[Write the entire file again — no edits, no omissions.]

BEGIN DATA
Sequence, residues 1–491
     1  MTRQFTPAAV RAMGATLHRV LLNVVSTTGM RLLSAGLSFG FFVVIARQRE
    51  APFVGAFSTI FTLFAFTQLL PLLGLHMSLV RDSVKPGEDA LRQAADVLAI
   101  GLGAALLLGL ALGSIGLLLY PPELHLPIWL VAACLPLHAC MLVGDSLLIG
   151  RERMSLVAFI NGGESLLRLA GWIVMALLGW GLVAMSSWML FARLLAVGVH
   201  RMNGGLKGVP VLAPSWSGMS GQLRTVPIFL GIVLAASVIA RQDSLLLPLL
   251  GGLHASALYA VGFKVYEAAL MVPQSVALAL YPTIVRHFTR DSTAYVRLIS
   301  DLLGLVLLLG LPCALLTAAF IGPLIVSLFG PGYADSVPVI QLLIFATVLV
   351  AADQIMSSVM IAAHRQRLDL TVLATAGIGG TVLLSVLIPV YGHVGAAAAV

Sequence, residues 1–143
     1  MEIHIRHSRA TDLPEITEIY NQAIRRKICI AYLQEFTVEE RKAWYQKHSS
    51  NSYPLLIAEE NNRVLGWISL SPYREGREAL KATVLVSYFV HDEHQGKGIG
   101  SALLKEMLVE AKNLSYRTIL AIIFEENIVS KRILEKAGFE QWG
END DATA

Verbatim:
Sequence, residues 1–491
     1  MTRQFTPAAV RAMGATLHRV LLNVVSTTGM RLLSAGLSFG FFVVIARQRE
    51  APFVGAFSTI FTLFAFTQLL PLLGLHMSLV RDSVKPGEDA LRQAADVLAI
   101  GLGAALLLGL ALGSIGLLLY PPELHLPIWL VAACLPLHAC MLVGDSLLIG
   151  RERMSLVAFI NGGESLLRLA GWIVMALLGW GLVAMSSWML FARLLAVGVH
   201  RMNGGLKGVP VLAPSWSGMS GQLRTVPIFL GIVLAASVIA RQDSLLLPLL
   251  GGLHASALYA VGFKVYEAAL MVPQSVALAL YPTIVRHFTR DSTAYVRLIS
   301  DLLGLVLLLG LPCALLTAAF IGPLIVSLFG PGYADSVPVI QLLIFATVLV
   351  AADQIMSSVM IAAHRQRLDL TVLATAGIGG TVLLSVLIPV YGHVGAAAAV

Sequence, residues 1–143
     1  MEIHIRHSRA TDLPEITEIY NQAIRRKICI AYLQEFTVEE RKAWYQKHSS
    51  NSYPLLIAEE NNRVLGWISL SPYREGREAL KATVLVSYFV HDEHQGKGIG
   101  SALLKEMLVE AKNLSYRTIL AIIFEENIVS KRILEKAGFE QWG